Hilbert-Huang method is proposed to identify of modal responses of hysteretic multi-degree-of-freedom (MDOF) structures under free vibration. In this study, a response time history is first decomposed into intrinsic mode functions (IMFs) using the empirical mode decomposition (EMD) method. Then, the Hilbert transform is applied to each IMF to obtain the instantaneous amplitude and frequency. Modal analysis of nonlinear structures, which treats the nonlinearity at each time step as a pseudo force, is used to uncouple the equations of motion in order to obtain the modal responses. The Bouc-Wen model is used to simulate the hysteretic behavior of a two-degree-of-freedom shear-beam building model. The IMF components of the displacement responses are compared with the modal responses obtained from the modal analysis, in which three cases are considered for the pseudo force. In Cases 1 and 2, the pseudo force is the hysteretic force without and with its linear component, respectively. The pseudo force in Case 3 is taken in the form that the stiffness matrix becomes the same as that of the linear building model. It is shown that the IMF components, their instantaneous amplitudes and frequencies agree quite well with those of the modal responses obtained from Case 1 of the modal analysis.
The Empirical Mode Decomposition (EMD), which combines with the Hilbert transform (HT), has been used successfully to identify the dynamic characteristics of linear multi-degree-of-freedom structures. In this study, the EMD method is applied to the identification of nonlinear normal modes (NNMs) of nonlinear multi-degree-of-freedom (MDOF) structures. It is shown that the intrinsic mode functions (IMFs), which are obtained by applying the EMD method to the structural response, agree quite well with the nonlinear modal responses obtained from the invariant manifold approach. A two-degree-of-freedom building model with nonlinear stiffness is used for illustration. The EMD method is applied to decompose the measured response of the building model. The resulting IMFs are compared with the corresponding nonlinear modal responses, including their instantaneous frequencies and time-dependent amplitudes from the HT method. The comparison indicates that the resulting IMFs from the EMD method can reveal the nonlinear modal responses. It is seen that this EMD-based technique is fairly accurate to determine the nonlinear stiffness characteristics of the building model. The result suggests that the IMFs can be used to determine the physical dynamic properties of nonlinear structures.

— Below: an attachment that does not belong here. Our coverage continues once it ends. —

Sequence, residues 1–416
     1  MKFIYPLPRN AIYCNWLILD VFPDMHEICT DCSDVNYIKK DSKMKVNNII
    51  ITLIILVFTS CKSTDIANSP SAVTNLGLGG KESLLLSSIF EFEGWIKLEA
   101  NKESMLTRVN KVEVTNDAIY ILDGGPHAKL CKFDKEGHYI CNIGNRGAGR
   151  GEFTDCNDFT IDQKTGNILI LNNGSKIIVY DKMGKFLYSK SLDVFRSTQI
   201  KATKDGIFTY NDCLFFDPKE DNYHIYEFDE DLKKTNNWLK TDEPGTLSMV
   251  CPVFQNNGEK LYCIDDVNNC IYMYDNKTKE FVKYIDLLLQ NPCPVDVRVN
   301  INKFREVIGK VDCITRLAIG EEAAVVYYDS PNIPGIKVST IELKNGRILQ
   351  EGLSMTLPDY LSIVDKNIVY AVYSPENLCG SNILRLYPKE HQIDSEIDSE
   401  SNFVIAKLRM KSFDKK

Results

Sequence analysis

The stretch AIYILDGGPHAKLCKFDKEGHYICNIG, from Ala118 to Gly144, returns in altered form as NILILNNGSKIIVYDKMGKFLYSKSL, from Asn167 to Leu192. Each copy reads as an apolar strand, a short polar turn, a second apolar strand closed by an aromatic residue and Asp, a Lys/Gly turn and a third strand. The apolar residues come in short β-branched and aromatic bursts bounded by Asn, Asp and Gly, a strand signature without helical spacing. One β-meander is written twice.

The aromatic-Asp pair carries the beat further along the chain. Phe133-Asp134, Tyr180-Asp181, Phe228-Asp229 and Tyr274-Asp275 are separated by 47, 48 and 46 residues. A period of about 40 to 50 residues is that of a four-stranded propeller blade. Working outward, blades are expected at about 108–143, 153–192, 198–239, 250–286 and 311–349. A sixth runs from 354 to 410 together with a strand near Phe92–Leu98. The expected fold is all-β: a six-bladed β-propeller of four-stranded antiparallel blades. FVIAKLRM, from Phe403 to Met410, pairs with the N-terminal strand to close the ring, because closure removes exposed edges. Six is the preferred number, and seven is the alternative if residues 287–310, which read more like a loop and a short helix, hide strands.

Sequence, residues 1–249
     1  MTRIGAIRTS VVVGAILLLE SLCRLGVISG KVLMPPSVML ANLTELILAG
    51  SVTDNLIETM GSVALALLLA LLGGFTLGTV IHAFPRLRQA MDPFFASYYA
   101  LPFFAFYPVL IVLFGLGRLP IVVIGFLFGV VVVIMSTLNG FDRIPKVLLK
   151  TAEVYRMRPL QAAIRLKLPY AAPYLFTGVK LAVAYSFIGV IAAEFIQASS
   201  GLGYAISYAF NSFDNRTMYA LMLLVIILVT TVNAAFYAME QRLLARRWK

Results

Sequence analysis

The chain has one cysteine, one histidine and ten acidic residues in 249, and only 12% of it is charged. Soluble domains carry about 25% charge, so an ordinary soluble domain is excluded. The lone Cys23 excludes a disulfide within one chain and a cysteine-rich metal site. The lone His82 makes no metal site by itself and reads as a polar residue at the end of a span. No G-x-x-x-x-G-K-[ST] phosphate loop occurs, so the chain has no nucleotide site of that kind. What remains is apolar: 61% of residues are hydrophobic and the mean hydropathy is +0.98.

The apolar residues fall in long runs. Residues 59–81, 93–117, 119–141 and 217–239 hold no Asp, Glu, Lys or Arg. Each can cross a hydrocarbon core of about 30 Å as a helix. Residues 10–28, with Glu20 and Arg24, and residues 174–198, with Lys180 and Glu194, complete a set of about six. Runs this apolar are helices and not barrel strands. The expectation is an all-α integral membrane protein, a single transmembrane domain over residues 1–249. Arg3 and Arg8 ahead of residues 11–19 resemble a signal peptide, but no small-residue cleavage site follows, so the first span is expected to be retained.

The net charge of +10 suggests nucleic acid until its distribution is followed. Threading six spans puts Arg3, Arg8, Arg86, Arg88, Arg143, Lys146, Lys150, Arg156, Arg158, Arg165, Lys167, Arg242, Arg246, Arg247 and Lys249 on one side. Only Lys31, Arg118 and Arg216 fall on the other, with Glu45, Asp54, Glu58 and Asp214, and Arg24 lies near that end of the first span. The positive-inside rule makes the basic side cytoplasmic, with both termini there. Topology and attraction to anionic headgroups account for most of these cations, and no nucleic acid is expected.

Most structural responses can be considered as the superposition of some monotonic components. These monotonic components contain modal information that can be used for structural damage detection and health monitoring. This paper presents a comparative study of three techniques for signal decomposition and analysis. These techniques are the wavelet transform (WT) technique, the empirical mode decomposition (EMD) technique, and the principle component analysis (PCA) technique. These techniques are all capable of decomposing multi-component signals into a summation of mono-components without resorting to the traditional frequency-domain approach. All three techniques can estimate natural frequencies, damping ratios and mode shapes of a structure from its time-domain vibration responses and hence can be used to monitor structural condition. A numerical study on a three-story shear-beam building frame is performed and presented to show the accuracy of these techniques.
Recently, the empirical mode decomposition (EMD) in combination with the Hilbert spectrum method has been proposed to identify the dynamic characteristics of linear structures. In this study, this EMD and Hilbert spectrum method is used to analyze the dynamic characteristics of a damaged reinforced concrete (RC) beam in the laboratory. The RC beam is 4m long with a cross section of 200mm X 250mm. The beam is sequentially subjected to a concentrated load of different magnitudes at the mid-span to produce different degrees of damage. An impact load is applied around the mid-span to excite the beam. Responses of the beam are recorded by four accelerometers. Results indicate that the EMD and Hilbert spectrum method can reveal the variation of the dynamic characteristics in the time domain. These results are also compared with those obtained using the Fourier analysis. In general, it is found that the two sets of results correlate quite well in terms of mode counts and frequency values. Some differences, however, can be seen in the damping values, which perhaps can be attributed to the linear assumption of the Fourier transform.